Palo Alto and Gunn high schools' latest Western Association of Schools and Colleges (WASC) reports intensive, year-plus self-studies that are produced every six years -- provide a rare, detailed look at the state of the schools' counseling programs and student perception of school climate and culture at a time when both are being hotly debated.
Released last week, the WASC reports show similar levels of student satisfaction with social and emotional experience at school at the two high schools. Almost 80 percent of Paly students surveyed in 2014 said they were very or somewhat satisfied with their social and emotional experience that year, compared to 75 percent at Gunn.
Both Gunn and Paly students, as well as parents, reported dissatisfaction with consistency in curriculum, instruction and grading practices across teachers and courses, as well as usefulness of homework and level of enjoyment they have while learning.
The majority of Paly students (83 percent) reported that they felt they could find a trusted adult on campus to go to if they need academic, social or emotional help. The WASC report describes the success of Paly's counseling model, which includes three tiers of support for students: a teacher advisor who serves as the primary contact person for students, parents and staff; guidance counselors and college and career advisors for juniors and seniors. Paly also recently added weekly "brown bag lunches" a time for teachers to drop in and talk to grade-level counselors if they're concerned about a student's academic or social-emotional well-being.
About half of Paly students (53 percent) and 43 percent of parents reported that they were very or somewhat satisfied with non-academic counseling students received that year.
Gunn students are reporting higher satisfaction with counselors' emotional support, according to a counseling survey included in the school's WASC report that was administered to more than 1,200 students in 2012, 2013 and 2014.
In 2014, 81 percent of freshmen, 75 percent of sophomores and 73 percent of juniors strongly agreed/agreed that their counselor can provide support if they're struggling emotionally. Those percentages are significantly higher at all grade levels than in 2012 and 2013.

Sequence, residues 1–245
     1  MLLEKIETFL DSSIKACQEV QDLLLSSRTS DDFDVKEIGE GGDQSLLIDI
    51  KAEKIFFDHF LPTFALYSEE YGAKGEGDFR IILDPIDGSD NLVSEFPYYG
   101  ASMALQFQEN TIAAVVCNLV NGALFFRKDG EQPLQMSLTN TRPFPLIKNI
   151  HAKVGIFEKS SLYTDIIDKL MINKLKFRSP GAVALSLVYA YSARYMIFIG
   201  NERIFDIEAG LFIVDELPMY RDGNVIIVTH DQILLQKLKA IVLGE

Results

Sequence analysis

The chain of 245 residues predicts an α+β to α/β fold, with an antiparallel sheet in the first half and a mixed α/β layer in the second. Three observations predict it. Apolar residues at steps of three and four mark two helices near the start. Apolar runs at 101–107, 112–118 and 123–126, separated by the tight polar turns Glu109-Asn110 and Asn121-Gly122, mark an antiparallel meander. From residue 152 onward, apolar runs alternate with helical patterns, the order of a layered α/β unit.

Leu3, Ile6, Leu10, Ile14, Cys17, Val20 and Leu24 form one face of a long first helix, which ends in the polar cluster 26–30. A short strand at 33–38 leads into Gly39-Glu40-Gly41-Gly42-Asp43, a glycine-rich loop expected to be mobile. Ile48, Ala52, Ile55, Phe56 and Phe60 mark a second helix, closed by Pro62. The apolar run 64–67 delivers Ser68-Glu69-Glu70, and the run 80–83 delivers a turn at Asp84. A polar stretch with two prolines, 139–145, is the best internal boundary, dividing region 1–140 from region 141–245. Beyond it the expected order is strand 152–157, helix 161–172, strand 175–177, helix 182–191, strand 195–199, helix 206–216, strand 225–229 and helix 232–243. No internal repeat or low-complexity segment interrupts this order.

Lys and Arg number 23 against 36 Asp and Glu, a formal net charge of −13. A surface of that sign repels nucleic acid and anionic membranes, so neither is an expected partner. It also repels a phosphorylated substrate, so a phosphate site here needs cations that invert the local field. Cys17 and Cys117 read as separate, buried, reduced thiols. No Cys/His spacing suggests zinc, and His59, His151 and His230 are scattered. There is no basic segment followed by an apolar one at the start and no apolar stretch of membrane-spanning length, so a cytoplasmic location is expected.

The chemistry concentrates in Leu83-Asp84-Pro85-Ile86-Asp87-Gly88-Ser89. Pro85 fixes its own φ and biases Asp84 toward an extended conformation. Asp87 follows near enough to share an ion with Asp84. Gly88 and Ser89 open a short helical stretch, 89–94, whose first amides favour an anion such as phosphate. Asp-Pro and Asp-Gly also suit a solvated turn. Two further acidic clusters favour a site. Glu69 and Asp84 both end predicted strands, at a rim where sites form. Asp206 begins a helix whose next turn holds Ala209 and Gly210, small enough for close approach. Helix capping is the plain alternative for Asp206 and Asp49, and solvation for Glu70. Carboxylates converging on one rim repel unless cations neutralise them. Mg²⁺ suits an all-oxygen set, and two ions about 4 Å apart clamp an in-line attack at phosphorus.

Numbers have also gone up for students who feel they can approach adults with personal issues: 64 percent of freshmen, 60 percent of sophomores and 56 percent of juniors strongly agree/agree they feel comfortable doing so compared to 56 percent, 52 percent and 49 percent, respectively, in 2013.
Eighty percent of Gunn sophomores and juniors and 84 percent of freshmen reported that their counselor can help support them if they're feeling "generally stressed."
Through the lengthy WASC process -- which included regular meetings with a leadership team of school staff, students, parents and others, as well as focus groups and surveys -- Paly and Gunn's WASC teams also identified three overarching goals, dubbed "critical learner needs," for their schools. Both schools marked school culture and the achievement gap as critical needs. Gunn also identified data collection as a goal and Paly, greater consistency in curriculum, instruction and learning outcomes "to reduce undue stress."
Though Paly's WASC process began as slated in August 2013, Gunn fell off schedule when "previous leadership did not follow through with the appropriate discussions, meetings, and fact-finding procedures," Gunn's report reads.
Gunn "began the process afresh" at the beginning of the 2014-15 school year with principal Denise Herrmann replacing Katya Villalobos at the helm.
Herrmann and Paly principal Kim Diorio will present their respective reports to the board on Tuesday at 10 a.m. at district headquarters, 25 Churchill Ave.